Scott Stump, assistant secretary for career, technical, and adult education at the U.S. Department of Education, visited Lookout Mountain Youth Services Center Jan. 17 to see the vocational and technical opportunities available to the center's youth. Stump, CDHS Executive Director Michelle Barnes, Director of the Division of Youth Services Anders Jacobson, and Director of the Office of Children, Youth and Families Minna Castillo Cohen visited the center’s screen printing shop, and barbering, culinary arts and construction trades programs. “The visit inspired conversation, vision, and direction to further support youth vocational programming in DYS,” Jacobson said. "I saw students preparing to be career ready upon reentry," Stump said. "It’s more important than ever to provide multiple educational pathways to incarcerated individuals at facilities such as Lookout Mountain."
For the 31st year in a row, youth at Lookout Mountain Youth Services Center have given back to families in need during the holidays.
Four youth in the Eagles program at Lookout Mountain Youth Services Center spent the day volunteering at the Second Wind Walk/Run, October 5, 2019, in Green Mountain. The Second Wind Fund is a suicide awareness and prevention organization that was founded in 2002. To date, the Second Wind Fund has helped more than 5,600 young people. This is the fifth year that Eagles program youth have been involved with the walk/run.
Youth from Pueblo Youth Services Center celebrated by making artwork and sharing their cultural experiences.
Seventeen youth from Division of Youth Services (DYS) facilities took part in creating a vibrant mural on the side of a Montessori school in Curtis Park July 8-12. One of DYS’s goals is to provide opportunities for youth to make things as right as possible for those who were impacted by their crime. Reconciliations include serving on impact panels, participating in volunteer projects, and working with youth and staff in community service projects.
The mural project was a way for youth to not only build skills, but also give back to the community and help repair the harm they may have caused. Projects such as the mural involve groups, team-building activities and a clear vision of how each youth is contributing to a larger effort to improve the greater community. The youth enjoyed participating in something positive and special that would be a permanent reminder of the good things they can do.
The Division of Youth Services (DYS) has reduced solitary confinement, or seclusion, by nearly 70 percent since October 2016 by remodeling physical spaces and developing resources for additional staff. Their efforts have earned national attention in a new report, Not in Isolation from Stop Solitary for Kids, a nationwide campaign to safely end solitary confinement in juvenile facilities.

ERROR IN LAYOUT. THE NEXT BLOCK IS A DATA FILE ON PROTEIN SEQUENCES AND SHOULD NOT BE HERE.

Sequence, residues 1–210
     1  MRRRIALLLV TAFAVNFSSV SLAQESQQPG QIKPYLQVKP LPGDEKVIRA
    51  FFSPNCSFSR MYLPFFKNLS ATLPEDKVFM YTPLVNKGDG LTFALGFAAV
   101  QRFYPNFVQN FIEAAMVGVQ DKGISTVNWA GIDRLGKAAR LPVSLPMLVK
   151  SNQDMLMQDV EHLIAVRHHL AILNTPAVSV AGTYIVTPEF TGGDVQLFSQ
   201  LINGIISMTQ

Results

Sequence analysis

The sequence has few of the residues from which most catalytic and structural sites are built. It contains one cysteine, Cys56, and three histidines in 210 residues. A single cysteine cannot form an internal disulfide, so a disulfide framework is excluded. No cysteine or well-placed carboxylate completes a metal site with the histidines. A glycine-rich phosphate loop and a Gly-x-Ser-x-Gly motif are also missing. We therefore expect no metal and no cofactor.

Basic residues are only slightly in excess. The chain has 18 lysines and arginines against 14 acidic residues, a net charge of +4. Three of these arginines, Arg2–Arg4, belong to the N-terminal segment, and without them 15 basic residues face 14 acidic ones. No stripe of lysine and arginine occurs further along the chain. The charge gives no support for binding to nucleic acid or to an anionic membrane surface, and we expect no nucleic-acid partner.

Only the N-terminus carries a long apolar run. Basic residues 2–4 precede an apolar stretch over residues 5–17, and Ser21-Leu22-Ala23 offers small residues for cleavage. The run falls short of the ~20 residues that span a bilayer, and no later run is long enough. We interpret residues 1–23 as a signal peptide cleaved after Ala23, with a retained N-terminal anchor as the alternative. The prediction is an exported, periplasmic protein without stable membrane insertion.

Operation Montserrat is an interactive education program that simulates the safety response to the multiple natural disasters that almost destroyed the island of Montserrat in 1995. Youth are divided into five safety teams: Volcano Team, Hurricane Team, Evacuation Team, Satellite Team, and Communications Team. Through an interactive, all school day event, teams are given "real time" information and must work together to calculate, draw, produce, and send communications to the Communications Team, who is the only team that has direct communication with "Challenger," the NASA command center. Youth that exhibited exemplary leadership were rewarded with a pizza party and movie the following Friday.
Six Ridge youth and a few staff from Grand Mesa Youth Services Center had the opportunity to take a community pass to Ridgeline Fitness. This gym specializes in Olympic style lifting and strength training for outdoor activities. They had a coach instruct them on deadlifts and back squats, showing them proper technique and form. These skills and personalized instruction are true benefits that the youth can take with them in the future, if they choose to continue doing this type of activity. Not only did they have a chance to lift weights but they also were able to try flipping tires, doing a sled push, and playing around on the monkey bars. Many of the youth expressed gratitude for the opportunity to have a true gym experience, want to pursue what they learned, and incorporate heathy habits into their lifestyle!
The youth at Mount View Youth Service Center had a few extra special treats for Easter this year! As part of their cooking education class on Friday (led by Michael Winston and Todd Paige), the youth were able to participate in some traditional Easter festivities by decorating 100 cookies and using food coloring to dye 100 hard boiled eggs.
On Easter day, the youth were treated to a morning surprise of cinnamon rolls, rolled and iced by Todd and Paula. For Easter dinner, the youth were treated to a Greek family meal prepared by Dina, Kirk, and Julie. This delicious meal consisted of gyros, greek salad, fruit, chocolate milk, and for an extra special treat, baklava!
It was a wonderful day of celebrating and enjoying a few Easter festivities.